Alpha-linolenic acid may lower the rate of atherosclerotic cardiovascular disease in subjects with a low intake of marine n-3 fatty acids

Research output: Contribution to journalConference abstract in journalResearchpeer-review

Abstract

Previous studies investigating the association between intake of the plant-derived n-3 fatty acid alpha-linolenic and atherosclerotic cardiovascular disease (ASCVD) have shown conflicting results. However, the effect of ALA intake on ASCVD may depend on the intake of marine n-3 fatty acids.We aimed to explore the association between ALA intake and risk of ASCVD in subjects consuming below and above the 10th percentile of marine n-3 fatty acids, respectively.We followed men and women enrolled into the Danish Diet, Cancer and Health cohort (n=57.053) by linkage with nationwide registers and identified all incident ASCVD cases. All participants were aged 50 to 65 years at baseline. ASCVD was defined as the first registration of myocardial infarction, peripheral artery disease or ischemic stroke due to large artery atherosclerosis or small-vessel occlusions. Intake of ALA and marine n-3 fatty acids was assessed using a validated food frequency questionnaire and expressed as energy-adjusted intake. Statistical analyses were conducted using Cox proportional hazard regression.During a median of 13.4 years of follow-up, we identified a total of 3958 incident ASCVD cases including 366 cases among subjects in the lowest 10th percentile of consumption of marine n-3 fatty acids (\lt;252 mg/day). In multivariable analyses, we found a statistically significant inverse association between ALA modelled as a restricted cubic spline and the rate of ASCVD (p=0.005) in subjects with a low intake of marine n-3 fatty acids, whereas no statistically significant association was found between ALA intake and ASCVD in subjects with a higher intake of marine n-3 fatty acids (p=0.155) (Figure).Intake of ALA may be associated with a lower rate of ASCVD in subjects with a low intake of marine n-3 fatty acids.The Danish Heart Foundation (17-R115-A7415-22060), Helene and Georg Jensens and Ethel Merethe and Christian Pontoppidan's Fund.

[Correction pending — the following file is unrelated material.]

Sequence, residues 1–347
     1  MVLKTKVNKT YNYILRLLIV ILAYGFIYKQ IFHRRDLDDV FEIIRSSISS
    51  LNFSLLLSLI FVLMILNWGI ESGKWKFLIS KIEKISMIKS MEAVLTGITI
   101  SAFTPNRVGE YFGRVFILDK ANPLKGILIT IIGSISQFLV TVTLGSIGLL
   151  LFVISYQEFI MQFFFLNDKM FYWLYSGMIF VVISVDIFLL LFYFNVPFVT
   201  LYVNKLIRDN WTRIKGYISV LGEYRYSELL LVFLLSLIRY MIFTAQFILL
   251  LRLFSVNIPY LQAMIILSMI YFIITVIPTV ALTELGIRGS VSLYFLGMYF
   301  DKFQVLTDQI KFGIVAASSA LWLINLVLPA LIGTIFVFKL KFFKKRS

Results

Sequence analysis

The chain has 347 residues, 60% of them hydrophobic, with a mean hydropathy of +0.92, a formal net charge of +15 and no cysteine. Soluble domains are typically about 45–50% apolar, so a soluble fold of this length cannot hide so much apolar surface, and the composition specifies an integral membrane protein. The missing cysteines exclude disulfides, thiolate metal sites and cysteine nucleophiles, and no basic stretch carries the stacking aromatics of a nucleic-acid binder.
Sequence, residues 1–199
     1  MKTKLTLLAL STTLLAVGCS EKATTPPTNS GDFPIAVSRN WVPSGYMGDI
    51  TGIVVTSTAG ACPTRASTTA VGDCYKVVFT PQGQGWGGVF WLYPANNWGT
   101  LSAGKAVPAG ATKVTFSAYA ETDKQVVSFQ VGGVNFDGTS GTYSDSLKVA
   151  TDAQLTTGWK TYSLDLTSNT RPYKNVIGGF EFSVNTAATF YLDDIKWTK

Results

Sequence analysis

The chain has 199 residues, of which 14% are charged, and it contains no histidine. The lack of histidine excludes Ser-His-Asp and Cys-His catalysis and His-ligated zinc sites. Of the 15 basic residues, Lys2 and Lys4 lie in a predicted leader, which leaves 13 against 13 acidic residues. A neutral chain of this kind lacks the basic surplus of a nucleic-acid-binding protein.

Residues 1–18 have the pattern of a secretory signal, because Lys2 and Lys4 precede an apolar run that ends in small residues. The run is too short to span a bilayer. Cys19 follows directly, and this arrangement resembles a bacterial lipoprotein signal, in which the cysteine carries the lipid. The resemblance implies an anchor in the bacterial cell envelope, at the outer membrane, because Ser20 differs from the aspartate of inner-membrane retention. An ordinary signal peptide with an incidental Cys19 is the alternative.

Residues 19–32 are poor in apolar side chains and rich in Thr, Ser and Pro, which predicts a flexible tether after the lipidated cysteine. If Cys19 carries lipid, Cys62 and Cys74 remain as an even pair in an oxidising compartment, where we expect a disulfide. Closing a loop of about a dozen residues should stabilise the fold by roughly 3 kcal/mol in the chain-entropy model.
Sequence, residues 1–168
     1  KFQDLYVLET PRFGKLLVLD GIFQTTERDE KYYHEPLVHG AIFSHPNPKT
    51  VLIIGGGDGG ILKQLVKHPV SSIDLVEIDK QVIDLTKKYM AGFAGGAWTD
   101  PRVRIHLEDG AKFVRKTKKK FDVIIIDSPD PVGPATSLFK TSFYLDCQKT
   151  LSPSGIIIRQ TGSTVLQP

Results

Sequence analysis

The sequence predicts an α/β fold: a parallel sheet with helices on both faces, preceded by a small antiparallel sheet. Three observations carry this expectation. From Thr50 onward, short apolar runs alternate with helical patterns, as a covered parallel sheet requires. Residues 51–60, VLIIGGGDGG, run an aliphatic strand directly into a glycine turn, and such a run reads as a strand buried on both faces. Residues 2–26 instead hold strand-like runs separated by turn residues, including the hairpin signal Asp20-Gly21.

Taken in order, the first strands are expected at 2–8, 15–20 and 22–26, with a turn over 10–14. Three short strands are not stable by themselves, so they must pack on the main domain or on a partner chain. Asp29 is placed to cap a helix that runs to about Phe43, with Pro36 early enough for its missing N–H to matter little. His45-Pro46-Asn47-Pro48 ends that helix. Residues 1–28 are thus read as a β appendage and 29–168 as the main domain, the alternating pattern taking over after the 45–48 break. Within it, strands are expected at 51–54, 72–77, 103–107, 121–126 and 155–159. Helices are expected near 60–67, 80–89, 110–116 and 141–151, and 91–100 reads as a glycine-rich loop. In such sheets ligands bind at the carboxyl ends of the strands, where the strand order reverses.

Original languageEnglish
Article numberehz745.0299
JournalEuropean Heart Journal
Volume40
Issue numberSuppl. 1
Pages (from-to)2045
Number of pages1
ISSN0195-668X
DOIs
Publication statusPublished - Oct 2019
EventEuropean Society of Cardiology (ESC) Congress 2019 - Paris, France
Duration: 31 Aug 20194 Oct 2019
https://www.escardio.org/Congresses-&-Events/ESC-Congress

Conference

ConferenceEuropean Society of Cardiology (ESC) Congress 2019
CountryFrance
CityParis
Period31/08/201904/10/2019
Internet address

Cite this

@article{c6f8fcb3fcef465cad32c3c509fb4fb6,
title = "Alpha-linolenic acid may lower the rate of atherosclerotic cardiovascular disease in subjects with a low intake of marine n-3 fatty acids",